It all starts with asking the right questions
Day One Podcast: Insights Room 101
Episode 09: Sarah Jousiffe
On The Day One podcast – Insights Room 101, hosted by Hannah Mann, our guests describe three of their worst insight industry pet peeves and aim to lock one of them away forever in Room 101, much like the popular British TV show. Our guest on this episode is Sarah Jousiffe, head of insights at SKY. Sarah joins us on the Room 101 series to share what things in the industry she’d like to see banished to Room 101 forever. Sarah’s main pet peeves are: poor research briefs, qualitative discussion guides, and branded research solutions. Sarah provides meaningful criticism and solutions during our conversation, and we hope you enjoy it.
Sarah’s first choice for Room 101 is poor research briefs. She says if you really holed down the question, then you’ll perform better research. Any market research you do is going to be used. There’s no course on research briefs. This is why we need to understand the business challenge. This is why we need to understand the objectives of the project.
Great agencies do good training, according to Sarah. Qualitative research was instilled in her since her experience with agency-side work. That’s your first opportunity to build relationships. She can have a quick chat on a call or visit the office to discuss a poor research brief. She can run an in-depth interview with an insights person or someone from the end business to really understand what is it that they’re trying to answer in a collaborative and constructive way.
Sarah shares with us that on the client-side, there are 2000 people in the sales and marketing division at SKY: How do they know what a good research brief looks like? There isn’t a course. How do you take them by the hand and explain? You tell them this is what is considered. You start building the relationship. Subtly inform them how to do a research brief to obtain consumer insights, and at the end of the day, everyone is the winner.
Sarah’s second choice for Room 101 is qualitative discussion guides. She tells us one must be really clear on the business perspective when creating discussion guides: How is that team or person going to use the output? What are the constraints? Because many teams don’t have a budget, they must get a sense of ballpark figures to manage their capabilities. Then, they can focus on the sample – Who do they want to speak to? Then, they need to focus on the key people and prioritise from there with “must includes” and “nice to haves”.
Not to mention, there is an approval process for qualitative discussion guides, according to Sarah. One must jump through hoops to get them approved. Creating a discussion guide should be grounded in solid training. A 15-page guide for a 60 minute interview is not going to work. A good qualitative researcher has a conversation with someone. Verbal answers and non-verbal cues are part of a good qualitative discussion.
Sarah expands on discussion guides by telling us that people get nervous: Do they really understand you can cover an awful lot with one question? You don’t need to cover the sub-bullet questions when we know what the objective is – We’ll get you there. Sarah does admit it’s an important document. You simply need to structure the flow of questions in an ideal way. Understand the objectives to the point that you can rip up the guide. And ask yourself what document are you bringing to the group versus the one you give to the stakeholders?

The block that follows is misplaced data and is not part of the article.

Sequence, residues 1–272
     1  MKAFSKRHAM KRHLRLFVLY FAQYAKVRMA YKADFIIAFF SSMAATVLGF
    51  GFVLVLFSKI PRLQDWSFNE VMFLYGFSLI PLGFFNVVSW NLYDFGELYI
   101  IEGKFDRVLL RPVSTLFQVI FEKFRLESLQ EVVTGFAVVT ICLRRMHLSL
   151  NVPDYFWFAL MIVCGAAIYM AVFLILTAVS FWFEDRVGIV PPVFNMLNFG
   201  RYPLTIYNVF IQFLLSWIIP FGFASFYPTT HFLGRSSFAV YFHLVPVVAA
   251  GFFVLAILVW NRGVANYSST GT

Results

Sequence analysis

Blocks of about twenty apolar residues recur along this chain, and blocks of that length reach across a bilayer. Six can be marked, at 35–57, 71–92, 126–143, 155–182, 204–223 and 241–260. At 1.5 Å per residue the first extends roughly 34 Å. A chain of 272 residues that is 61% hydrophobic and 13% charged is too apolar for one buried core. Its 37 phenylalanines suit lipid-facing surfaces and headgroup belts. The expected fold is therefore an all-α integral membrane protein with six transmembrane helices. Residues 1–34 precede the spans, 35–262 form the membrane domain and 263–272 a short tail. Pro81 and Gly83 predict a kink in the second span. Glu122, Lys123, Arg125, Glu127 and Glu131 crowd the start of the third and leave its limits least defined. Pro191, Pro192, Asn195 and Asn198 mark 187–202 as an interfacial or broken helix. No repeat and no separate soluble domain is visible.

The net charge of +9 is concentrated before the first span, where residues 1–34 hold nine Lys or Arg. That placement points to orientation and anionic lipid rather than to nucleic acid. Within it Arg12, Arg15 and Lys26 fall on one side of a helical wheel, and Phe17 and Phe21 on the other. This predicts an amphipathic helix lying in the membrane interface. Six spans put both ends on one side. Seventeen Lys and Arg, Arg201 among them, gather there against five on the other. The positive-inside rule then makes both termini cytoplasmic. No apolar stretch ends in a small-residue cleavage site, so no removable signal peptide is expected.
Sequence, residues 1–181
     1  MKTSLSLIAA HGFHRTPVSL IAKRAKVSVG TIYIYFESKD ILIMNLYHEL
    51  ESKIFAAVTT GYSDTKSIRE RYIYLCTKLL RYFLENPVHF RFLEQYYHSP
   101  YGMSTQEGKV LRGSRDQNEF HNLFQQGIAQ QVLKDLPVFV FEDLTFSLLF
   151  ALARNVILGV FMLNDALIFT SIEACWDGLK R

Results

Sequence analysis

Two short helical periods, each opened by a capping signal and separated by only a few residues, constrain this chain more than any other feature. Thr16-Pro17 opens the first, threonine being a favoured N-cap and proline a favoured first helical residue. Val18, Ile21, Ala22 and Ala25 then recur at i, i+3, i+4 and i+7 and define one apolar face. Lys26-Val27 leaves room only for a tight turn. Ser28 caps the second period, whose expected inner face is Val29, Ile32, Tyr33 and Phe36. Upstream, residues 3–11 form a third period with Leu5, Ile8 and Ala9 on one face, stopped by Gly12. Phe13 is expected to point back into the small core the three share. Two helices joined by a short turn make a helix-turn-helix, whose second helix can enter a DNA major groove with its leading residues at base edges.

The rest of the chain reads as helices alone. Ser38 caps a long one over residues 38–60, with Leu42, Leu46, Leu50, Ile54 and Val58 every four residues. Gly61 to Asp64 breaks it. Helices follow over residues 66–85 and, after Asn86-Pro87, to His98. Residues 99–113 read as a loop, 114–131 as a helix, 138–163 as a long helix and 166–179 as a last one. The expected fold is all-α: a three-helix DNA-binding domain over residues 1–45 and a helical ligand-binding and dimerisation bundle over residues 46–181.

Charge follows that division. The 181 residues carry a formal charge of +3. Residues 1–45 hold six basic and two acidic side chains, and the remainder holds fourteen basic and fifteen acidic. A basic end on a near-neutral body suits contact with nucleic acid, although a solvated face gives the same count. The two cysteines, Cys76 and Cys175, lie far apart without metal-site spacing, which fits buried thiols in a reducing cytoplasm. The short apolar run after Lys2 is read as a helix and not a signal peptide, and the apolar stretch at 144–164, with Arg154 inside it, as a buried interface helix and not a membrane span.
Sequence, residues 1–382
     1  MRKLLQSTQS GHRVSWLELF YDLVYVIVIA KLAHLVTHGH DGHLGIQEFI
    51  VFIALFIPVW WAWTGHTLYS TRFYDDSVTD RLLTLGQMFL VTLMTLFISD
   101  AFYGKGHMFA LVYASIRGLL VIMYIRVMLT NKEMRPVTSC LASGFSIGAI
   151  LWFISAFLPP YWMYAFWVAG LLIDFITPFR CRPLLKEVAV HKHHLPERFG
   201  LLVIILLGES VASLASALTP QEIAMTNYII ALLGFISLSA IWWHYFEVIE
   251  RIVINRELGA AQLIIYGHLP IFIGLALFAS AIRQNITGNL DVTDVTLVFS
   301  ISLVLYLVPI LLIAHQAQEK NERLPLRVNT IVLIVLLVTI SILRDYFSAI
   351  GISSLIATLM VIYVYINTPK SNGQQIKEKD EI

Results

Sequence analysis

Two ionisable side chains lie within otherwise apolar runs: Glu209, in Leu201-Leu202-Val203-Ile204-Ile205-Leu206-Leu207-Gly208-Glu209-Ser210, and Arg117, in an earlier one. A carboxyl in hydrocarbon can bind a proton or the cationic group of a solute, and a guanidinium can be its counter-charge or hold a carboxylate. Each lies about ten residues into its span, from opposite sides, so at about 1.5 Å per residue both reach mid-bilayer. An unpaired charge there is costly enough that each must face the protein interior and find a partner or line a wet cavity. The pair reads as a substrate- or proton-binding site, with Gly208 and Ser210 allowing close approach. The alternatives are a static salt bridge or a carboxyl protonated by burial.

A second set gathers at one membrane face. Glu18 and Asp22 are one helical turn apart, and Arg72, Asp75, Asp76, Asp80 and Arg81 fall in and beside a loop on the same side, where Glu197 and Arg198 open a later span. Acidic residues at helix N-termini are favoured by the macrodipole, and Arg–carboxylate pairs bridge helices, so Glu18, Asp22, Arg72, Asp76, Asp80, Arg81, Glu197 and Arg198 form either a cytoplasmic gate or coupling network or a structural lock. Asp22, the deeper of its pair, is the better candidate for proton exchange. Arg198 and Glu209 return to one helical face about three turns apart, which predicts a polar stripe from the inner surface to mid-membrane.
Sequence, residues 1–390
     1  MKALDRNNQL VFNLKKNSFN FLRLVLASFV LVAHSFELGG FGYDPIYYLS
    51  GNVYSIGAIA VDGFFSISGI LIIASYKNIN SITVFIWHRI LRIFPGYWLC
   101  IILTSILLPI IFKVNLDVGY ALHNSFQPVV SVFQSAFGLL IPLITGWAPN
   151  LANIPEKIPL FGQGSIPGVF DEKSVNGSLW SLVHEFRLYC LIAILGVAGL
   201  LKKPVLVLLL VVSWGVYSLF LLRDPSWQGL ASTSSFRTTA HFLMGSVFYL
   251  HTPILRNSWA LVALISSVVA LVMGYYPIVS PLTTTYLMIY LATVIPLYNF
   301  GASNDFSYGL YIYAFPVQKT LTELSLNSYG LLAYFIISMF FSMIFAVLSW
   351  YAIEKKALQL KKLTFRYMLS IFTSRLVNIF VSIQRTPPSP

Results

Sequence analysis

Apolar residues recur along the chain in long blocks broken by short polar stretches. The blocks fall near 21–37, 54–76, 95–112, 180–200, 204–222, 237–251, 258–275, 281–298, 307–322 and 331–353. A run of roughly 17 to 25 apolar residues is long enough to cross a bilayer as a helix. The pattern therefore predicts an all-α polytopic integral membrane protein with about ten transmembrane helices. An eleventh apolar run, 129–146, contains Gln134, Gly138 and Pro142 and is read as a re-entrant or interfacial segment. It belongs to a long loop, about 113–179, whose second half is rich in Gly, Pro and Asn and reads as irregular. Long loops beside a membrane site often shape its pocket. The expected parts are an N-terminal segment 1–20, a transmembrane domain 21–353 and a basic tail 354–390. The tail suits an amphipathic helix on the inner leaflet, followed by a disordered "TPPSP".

Sarah hates that you have to allow time for everyone to read the guide and go through it. When the proposal is approved and the objectives are approved, then they make changes to the discussion guide? No client has ever said you didn’t ask those questions. Sarah does admit it is useful when you get four or five people giving feedback. Then, you get a good idea of what they’re looking for, as well as key questions to include. It helps the extra layer of the briefing question.
Sarah’s final choice for Room 101 is branded research solutions. While they can cover a whole range of elements, they particularly try to badge and rebrand. It’s a new fancy way to talk about an online community while claiming it’s implicit testing uncovering emotions. She says it’s the worst type of selling while the people doing the selling don’t understand what the insights team is trying to do.
Instead, Sarah says these agencies should start building the relationship so everyone is the winner at the end of the day. First impressions count. When they try to flog her with something that’s not groundbreaking, she’ll remember them. They need to get to know you first. Don’t try to fix a problem that you don’t know needs to be fixed.
When approaching a potential insights partner, remember things are not necessarily broken, Sarah tells us. Ask yourself what does the end-user need. Think about your potential client, not with a sales pitch. Have an opinion. Have expertise in that area. What are the challenges the partner hasn’t got the expertise in? Then, present thought pieces or opinions. Start with a nice introduction that shows what you can do. Tell them what is the insight. Then, build the conversation from there. Provide client testimonials. Make it worth going through the painful process of procurement. Start with understanding and building the relationship.
Sarah and I both agree to banish poor research briefs forever. We both enjoyed the conversation, and we hope you do, too.
About – Sarah Jousiffe
Head of research at SKY. Building full-service, in-house research capability where the team now manages a wide range of projects that inform key strategic decisions across departments in printing, marketing, sales, and product innovation.
SKY – Website
Day One – https://www.dayonestrategy.com/
Hannah Mann – LinkedIn